MOSCOW (AFP) - Fugitive United States intelligence leaker Edward Snowden is likely to decide shortly on applying for asylum in Russia, a pro-Kremlin lawyer said on Tuesday, after Russian President Vladimir Putin accused Washington of "trapping" him in the country.
Snowden, wanted by the US for revealing sensational details of its vast spying operations, is now spending a fourth week in the transit lounge at Moscow's Sheremetyevo airport without crossing the Russian border.
Mr Anatoly Kucherena, a prominent lawyer who participated in the US fugitive's meeting with rights activists and pro-Kremlin lawmakers at Sheremetyevo last week, said Snowden had contacted him for consultations.
"He is actively consulting with me," Mr Kucherena told AFP, saying he last spoke to Snowden on Monday. "After the meeting we've been in frequent touch."
"We are actively consulting and I believe that he will make up his mind in the coming days," Mr Kucherena said.
On Monday, Mr said Snowden would leave Russia "as soon as he can," likening him to an unwanted gift.
But he accused Washington of "trapping" the American in Moscow, saying no country wanted to take in Snowden due to US pressure.
Mr Kucherena said he was helping Snowden negotiate the complexities of Russian legislation and the difference between the status of refugee, political asylum and temporary asylum.
"Before our consultations he did not have the understanding of those issues," the lawyer said. "He needs to understand what suits him and what rights and obligations a certain status will generate."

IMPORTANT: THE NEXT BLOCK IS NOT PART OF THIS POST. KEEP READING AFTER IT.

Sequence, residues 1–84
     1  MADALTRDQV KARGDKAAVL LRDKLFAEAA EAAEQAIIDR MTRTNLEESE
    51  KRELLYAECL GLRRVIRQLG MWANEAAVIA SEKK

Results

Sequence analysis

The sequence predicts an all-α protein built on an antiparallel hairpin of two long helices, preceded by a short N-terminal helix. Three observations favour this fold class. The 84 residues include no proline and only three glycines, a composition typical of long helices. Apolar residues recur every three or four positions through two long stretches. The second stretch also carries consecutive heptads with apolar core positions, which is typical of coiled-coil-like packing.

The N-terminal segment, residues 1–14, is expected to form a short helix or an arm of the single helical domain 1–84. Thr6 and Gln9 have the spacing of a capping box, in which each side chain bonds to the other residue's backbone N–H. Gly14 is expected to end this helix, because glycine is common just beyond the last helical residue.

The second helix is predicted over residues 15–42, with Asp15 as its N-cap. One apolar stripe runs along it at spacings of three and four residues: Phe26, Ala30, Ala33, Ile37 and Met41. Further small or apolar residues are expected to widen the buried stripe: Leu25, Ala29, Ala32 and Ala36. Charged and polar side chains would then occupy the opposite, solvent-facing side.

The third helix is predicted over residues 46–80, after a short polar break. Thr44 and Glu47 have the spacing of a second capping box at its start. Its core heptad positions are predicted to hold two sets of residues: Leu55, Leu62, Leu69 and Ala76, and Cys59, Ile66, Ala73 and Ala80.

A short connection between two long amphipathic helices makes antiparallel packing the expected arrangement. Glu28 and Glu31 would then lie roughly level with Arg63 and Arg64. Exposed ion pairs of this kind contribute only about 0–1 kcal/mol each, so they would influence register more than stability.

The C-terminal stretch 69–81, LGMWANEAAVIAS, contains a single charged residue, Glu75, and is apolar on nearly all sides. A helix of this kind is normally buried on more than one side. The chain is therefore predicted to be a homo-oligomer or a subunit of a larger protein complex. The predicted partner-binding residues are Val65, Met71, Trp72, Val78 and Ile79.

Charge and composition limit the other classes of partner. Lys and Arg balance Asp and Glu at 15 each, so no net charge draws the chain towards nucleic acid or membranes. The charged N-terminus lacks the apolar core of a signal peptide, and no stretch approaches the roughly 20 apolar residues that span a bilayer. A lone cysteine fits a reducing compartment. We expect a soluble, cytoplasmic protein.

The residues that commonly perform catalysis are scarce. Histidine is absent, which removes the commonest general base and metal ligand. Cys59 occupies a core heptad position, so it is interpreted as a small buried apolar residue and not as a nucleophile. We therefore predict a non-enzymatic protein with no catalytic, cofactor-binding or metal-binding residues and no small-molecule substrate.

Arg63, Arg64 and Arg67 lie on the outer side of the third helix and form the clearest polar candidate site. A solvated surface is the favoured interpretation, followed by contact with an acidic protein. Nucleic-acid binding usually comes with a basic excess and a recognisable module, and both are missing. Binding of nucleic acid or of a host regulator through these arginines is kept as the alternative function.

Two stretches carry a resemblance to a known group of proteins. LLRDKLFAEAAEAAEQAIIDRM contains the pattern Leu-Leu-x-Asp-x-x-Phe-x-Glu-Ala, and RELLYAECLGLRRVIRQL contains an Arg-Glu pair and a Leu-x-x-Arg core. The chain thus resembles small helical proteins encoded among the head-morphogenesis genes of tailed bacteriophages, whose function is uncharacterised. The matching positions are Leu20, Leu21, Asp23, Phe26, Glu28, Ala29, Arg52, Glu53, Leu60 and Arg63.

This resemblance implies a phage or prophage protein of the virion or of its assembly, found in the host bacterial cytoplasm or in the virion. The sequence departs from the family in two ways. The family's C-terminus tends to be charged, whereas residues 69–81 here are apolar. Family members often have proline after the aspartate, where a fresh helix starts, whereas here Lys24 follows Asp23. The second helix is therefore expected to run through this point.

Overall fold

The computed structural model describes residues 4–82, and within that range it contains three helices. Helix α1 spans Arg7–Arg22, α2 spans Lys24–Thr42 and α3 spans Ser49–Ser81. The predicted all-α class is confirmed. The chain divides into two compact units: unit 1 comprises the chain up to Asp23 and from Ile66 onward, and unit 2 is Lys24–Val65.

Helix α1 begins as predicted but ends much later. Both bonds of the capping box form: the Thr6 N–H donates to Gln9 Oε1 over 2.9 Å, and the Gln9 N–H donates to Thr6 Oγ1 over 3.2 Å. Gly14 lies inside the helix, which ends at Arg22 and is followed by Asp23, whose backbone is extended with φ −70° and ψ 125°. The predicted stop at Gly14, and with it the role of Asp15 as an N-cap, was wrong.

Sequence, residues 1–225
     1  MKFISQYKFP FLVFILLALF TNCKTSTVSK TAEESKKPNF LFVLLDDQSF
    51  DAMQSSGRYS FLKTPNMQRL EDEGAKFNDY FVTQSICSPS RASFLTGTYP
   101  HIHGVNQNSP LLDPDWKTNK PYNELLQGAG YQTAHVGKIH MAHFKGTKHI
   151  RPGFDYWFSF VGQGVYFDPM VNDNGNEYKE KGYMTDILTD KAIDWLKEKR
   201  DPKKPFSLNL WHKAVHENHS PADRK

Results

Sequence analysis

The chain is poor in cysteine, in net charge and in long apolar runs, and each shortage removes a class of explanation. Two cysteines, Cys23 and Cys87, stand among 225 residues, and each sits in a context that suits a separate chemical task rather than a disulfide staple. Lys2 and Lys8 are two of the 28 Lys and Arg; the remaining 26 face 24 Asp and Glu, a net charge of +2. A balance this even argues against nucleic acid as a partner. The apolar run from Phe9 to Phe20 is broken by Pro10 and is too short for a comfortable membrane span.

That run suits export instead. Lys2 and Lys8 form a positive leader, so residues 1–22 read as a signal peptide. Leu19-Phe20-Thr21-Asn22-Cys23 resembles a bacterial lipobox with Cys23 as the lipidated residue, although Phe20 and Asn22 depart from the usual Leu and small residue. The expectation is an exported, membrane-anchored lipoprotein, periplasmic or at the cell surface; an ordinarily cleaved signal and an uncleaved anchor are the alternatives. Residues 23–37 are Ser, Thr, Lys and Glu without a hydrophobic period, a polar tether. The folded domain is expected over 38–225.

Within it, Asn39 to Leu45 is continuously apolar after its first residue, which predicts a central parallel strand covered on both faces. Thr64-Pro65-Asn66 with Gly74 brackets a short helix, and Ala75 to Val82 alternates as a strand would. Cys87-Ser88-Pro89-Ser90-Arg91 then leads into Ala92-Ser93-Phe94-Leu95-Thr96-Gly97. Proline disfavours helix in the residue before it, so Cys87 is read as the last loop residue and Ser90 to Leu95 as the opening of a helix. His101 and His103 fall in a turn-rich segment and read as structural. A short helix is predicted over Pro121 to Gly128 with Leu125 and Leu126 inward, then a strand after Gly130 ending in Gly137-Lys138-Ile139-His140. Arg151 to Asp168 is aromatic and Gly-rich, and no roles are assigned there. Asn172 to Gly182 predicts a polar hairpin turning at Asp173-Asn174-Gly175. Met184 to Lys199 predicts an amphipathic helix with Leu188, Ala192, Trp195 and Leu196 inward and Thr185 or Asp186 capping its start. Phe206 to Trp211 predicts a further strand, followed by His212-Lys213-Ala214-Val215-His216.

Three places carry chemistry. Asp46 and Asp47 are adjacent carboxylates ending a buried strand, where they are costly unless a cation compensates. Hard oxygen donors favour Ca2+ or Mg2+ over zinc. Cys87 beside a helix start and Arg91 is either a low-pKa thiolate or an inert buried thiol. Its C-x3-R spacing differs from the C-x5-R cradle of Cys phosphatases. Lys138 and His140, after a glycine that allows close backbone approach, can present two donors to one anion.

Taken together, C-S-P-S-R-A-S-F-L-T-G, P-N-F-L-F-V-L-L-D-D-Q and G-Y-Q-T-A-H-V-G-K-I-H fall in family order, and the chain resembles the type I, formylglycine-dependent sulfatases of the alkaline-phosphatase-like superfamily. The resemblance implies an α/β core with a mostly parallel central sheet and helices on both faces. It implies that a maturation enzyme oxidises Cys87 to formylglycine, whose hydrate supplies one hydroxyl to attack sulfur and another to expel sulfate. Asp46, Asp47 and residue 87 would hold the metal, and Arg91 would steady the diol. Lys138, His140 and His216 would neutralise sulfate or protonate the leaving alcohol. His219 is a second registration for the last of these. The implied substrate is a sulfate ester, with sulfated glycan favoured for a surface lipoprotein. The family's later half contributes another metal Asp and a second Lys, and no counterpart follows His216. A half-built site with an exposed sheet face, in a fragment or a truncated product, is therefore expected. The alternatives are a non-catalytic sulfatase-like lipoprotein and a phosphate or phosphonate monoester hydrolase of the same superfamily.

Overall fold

Breaking silence for the first time since he arrived, Snowden, who is essentially stateless after Washington revoked his passport, held the closed-door meeting at the airport on Friday.
At the meeting, he said he would file for asylum in Russia before he could work out a way to travel legally to Latin America, asking the activists to petition Mr Putin on his behalf.
Venezuela, Bolivia and Nicaragua have indicated that they would be open to offering the 30-year-old a safe haven.
Russian officials said they had not received an asylum application from Snowden so far. A spokesman for the country's Federal Migration Service told AFP on Tuesday she had no information.
Activist Svetlana Gannushkina, who has championed the rights of refugees for decades, said the Russian authorities generally considered an application for refugee status for up to three months.
After such an application is accepted, an applicant may live and travel locally, she added.
A bid for political asylum is considered by the President but is granted very rarely, she said.
Ms Gannushkina said the procedures to receive temporary asylum or refugee status were pretty straightforward, expressing surprise that Snowden had not filed for asylum yet.
"This is the theatre of the absurd," she told AFP.
"Everyone is playing a role in this. I do not know whether he himself is not taking the necessary steps or whether this is all being played out by other people."
Even though the Kremlin has repeatedly said it had nothing to do with Snowden, political observers have said that Snowden's meeting with activists at the state-controlled airport would have been impossible without a green light from the Kremlin.
The head of the Amnesty International in Russia, Mr Sergei Nikitin, said after the Friday meeting he believed plainclothed representatives of Russian special services had taken part in the get-together.
Washington has reacted sharply to the possibility that Moscow might offer Snowden a safe haven, and accused it of providing him with a "propaganda platform".